The invention may include any of the following aspects in various combinations and may also include any other aspect described below in the written description or in the attached drawings.

A balloon catheter for dilation of a body lumen, comprising: a shaft having a distal end and a proximal end; a balloon mounted on the distal end of the shaft, the balloon having a distal portion and a proximal portion, the shaft having an inflation lumen extending therethrough in fluid communication with an interior region of the balloon, the balloon thereby being expandable between a deflated state and an inflated state; and a wire extending along an outer surface of the balloon, the wire disposed between the outer surface of the balloon and an outer layer, the outer layer at least partially circumscribing the wire along a longitudinal length of the wire, the outer layer having an axial length, the outer layer being attached to the outer surface of the balloon at one or more locations.

The balloon catheter, wherein the outer layer is unattached to the outer surface of the balloon at one or more predetermined regions, the unattachment forming a pocket between the outer layer and the outer surface of the balloon for the wire to be disposed therewithin.

The balloon catheter, wherein the pocket is longitudinally aligned with a longitudinal axis of the balloon, the pocket comprising a first opening adapted to slidably receive a wire.

The balloon catheter, the pocket further comprising a seam to define the edges of the pocket.

The balloon catheter, wherein a retaining element is affixed to the wire to maintain the wire in the pockets.

The balloon catheter, wherein the first end is sealed to enclose the wire within the pocket.

The balloon catheter, wherein the wire is not bonded to interior surfaces of the pocket.

The balloon catheter, wherein the outer layer encapsulates the wire, the outer layer completely circumscribing the wire along the longitudinal length of the wire.

The balloon catheter, wherein the outer layer is a polymeric sheath.

A balloon catheter for dilation of a body lumen, comprising: a shaft having a distal end and a proximal end; a balloon mounted on the distal end of the shaft, the shaft having an inflation lumen extending therethrough in fluid communication with an interior region of the balloon, the balloon thereby being expandable between a deflated state and an inflated state, wherein at least a length of an outer surface of the balloon comprises a working diameter adapted to dilate the body lumen, the length extending between a balloon proximal end and a balloon distal end; a pocket situated along the outer surface of the balloon, the pocket comprising an interior space defined by portions of an outer layer selectively unattached to the outer surface, the pocket further comprising a seam defined by portions of the outer layer attached to the outer surface of the balloon, the outer layer disposed over the outer surface of the balloon and extending along the working diameter of the balloon; a wire residing within the pocket; and a retaining element affixed to the wire, the retaining element preventing the wire from sliding out of the pocket.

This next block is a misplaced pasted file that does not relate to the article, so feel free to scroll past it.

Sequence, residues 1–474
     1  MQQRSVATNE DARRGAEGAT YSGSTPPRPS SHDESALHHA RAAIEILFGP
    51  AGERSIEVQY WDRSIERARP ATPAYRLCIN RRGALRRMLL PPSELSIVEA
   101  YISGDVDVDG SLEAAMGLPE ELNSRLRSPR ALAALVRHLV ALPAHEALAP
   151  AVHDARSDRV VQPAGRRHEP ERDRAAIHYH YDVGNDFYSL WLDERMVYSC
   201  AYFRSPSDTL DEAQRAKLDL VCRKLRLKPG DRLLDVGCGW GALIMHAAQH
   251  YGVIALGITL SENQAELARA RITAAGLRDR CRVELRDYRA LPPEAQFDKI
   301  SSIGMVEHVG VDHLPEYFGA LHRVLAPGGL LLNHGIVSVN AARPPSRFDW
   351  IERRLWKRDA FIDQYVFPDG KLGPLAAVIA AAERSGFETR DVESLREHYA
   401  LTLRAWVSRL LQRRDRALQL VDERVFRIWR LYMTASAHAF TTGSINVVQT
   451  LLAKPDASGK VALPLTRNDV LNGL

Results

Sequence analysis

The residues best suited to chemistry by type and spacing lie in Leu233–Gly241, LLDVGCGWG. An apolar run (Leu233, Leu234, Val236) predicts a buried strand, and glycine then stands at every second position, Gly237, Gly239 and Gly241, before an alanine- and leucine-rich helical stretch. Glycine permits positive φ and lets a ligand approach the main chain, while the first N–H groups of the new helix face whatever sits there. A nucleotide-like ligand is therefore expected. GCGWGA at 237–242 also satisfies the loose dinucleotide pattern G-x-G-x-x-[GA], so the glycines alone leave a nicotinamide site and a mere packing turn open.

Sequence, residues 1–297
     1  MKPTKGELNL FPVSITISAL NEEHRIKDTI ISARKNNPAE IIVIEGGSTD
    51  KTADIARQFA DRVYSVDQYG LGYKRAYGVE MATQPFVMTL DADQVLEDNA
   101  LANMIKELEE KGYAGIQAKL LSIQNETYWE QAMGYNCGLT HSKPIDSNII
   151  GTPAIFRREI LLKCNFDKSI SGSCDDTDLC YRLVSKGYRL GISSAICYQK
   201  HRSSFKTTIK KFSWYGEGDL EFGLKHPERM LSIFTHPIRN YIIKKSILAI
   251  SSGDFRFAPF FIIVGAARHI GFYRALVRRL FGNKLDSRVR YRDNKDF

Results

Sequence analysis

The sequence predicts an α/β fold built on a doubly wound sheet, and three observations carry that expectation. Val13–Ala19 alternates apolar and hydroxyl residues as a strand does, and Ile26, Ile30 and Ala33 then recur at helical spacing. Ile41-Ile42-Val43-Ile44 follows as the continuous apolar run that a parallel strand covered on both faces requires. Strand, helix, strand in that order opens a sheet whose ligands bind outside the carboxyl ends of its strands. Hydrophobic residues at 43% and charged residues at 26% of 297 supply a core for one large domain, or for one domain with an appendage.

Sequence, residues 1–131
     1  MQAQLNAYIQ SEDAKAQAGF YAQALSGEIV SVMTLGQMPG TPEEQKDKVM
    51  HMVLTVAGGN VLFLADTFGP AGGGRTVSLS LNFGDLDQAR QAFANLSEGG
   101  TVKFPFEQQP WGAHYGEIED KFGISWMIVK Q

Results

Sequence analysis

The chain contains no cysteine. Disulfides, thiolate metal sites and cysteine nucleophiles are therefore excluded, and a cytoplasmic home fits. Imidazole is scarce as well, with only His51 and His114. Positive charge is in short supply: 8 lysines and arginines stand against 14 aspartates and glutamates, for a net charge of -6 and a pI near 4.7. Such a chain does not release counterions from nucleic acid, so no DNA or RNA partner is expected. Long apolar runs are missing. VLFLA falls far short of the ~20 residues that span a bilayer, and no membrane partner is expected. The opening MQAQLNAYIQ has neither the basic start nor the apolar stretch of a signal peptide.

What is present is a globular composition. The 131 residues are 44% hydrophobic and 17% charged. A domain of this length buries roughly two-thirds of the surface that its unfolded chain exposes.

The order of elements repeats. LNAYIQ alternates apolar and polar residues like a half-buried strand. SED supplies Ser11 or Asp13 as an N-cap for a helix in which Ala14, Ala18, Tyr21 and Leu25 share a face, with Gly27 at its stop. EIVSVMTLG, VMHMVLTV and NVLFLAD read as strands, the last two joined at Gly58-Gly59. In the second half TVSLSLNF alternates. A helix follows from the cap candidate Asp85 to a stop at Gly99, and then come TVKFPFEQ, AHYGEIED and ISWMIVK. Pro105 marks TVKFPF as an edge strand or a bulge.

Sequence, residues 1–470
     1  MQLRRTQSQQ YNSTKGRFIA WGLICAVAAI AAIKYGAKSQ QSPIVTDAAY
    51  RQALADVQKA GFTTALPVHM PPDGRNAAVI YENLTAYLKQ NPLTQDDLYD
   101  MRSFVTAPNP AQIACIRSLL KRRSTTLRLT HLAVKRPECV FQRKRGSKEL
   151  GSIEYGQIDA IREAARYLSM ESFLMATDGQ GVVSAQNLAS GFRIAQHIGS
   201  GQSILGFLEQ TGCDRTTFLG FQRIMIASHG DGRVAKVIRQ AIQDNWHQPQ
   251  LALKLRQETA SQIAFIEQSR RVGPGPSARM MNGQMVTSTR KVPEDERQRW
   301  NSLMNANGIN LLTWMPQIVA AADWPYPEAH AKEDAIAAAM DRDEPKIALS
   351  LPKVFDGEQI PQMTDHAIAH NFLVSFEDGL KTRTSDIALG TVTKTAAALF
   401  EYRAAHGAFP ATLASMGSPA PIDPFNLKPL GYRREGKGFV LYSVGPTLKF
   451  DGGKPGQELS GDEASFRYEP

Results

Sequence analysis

The balloon catheter, the seam comprising an undulating shape.

The balloon catheter, wherein the attachment of the outer layer to the outer surface of the balloon at the one or more locations comprises bonding the outer layer to the outer surface.

The balloon catheter, wherein the bonding comprises heat bonding, solvent bonding, or adhesive bonding.

The balloon catheter, wherein the catheter comprises a plurality of pockets.

The balloon catheter, wherein the plurality of pockets are longitudinally aligned with a longitudinal axis of the balloon, the plurality of pockets being circumferentially equidistant from each other.

A balloon catheter for dilation of a body lumen, comprising: a shaft having a distal end and a proximal end; a balloon mounted on the distal end of the shaft, the shaft having an inflation lumen extending therethrough in fluid communication with an interior region of the balloon, the balloon thereby being expandable between a deflated state and an inflated state, wherein at least a length of an outer surface of the balloon comprises a working diameter adapted to dilate the body lumen, the length extending between a balloon proximal end and a balloon distal end; and a wire comprising an axial length, the wire encapsulated by a sheath situated along the working diameter of the balloon, the sheath circumscribing the wire along the entire axial length of the wire, the sheath disposed over an outer surface of the balloon

The balloon catheter, the sheath having a tubular shape, the sheath fusion bonded to the outer surface of the balloon.

The balloon catheter, the sheath movable between a first position and a second position, wherein the first position comprises a resting state where the balloon is deflated and the second position comprises a stretched state where the balloon is inflated.

The balloon catheter, the wire comprising a non-adhesive coating to minimize bonding with the sheath.

The balloon catheter, the sheath comprising a cutting edge.

The balloon catheter, the wire having a proximal end and a distal end, the sheath axially extending past the proximal and the distal ends.

BRIEF DESCRIPTION OF THE DRAWINGS

Embodiments will now be described by way of example with reference to the accompanying drawings, in which:

FIG. 1 is a perspective view of a balloon catheter with wires disposed within pockets;

FIGS. 2a-2c are cross-sectional views of balloon catheters with wires disposed within pockets of various geometries;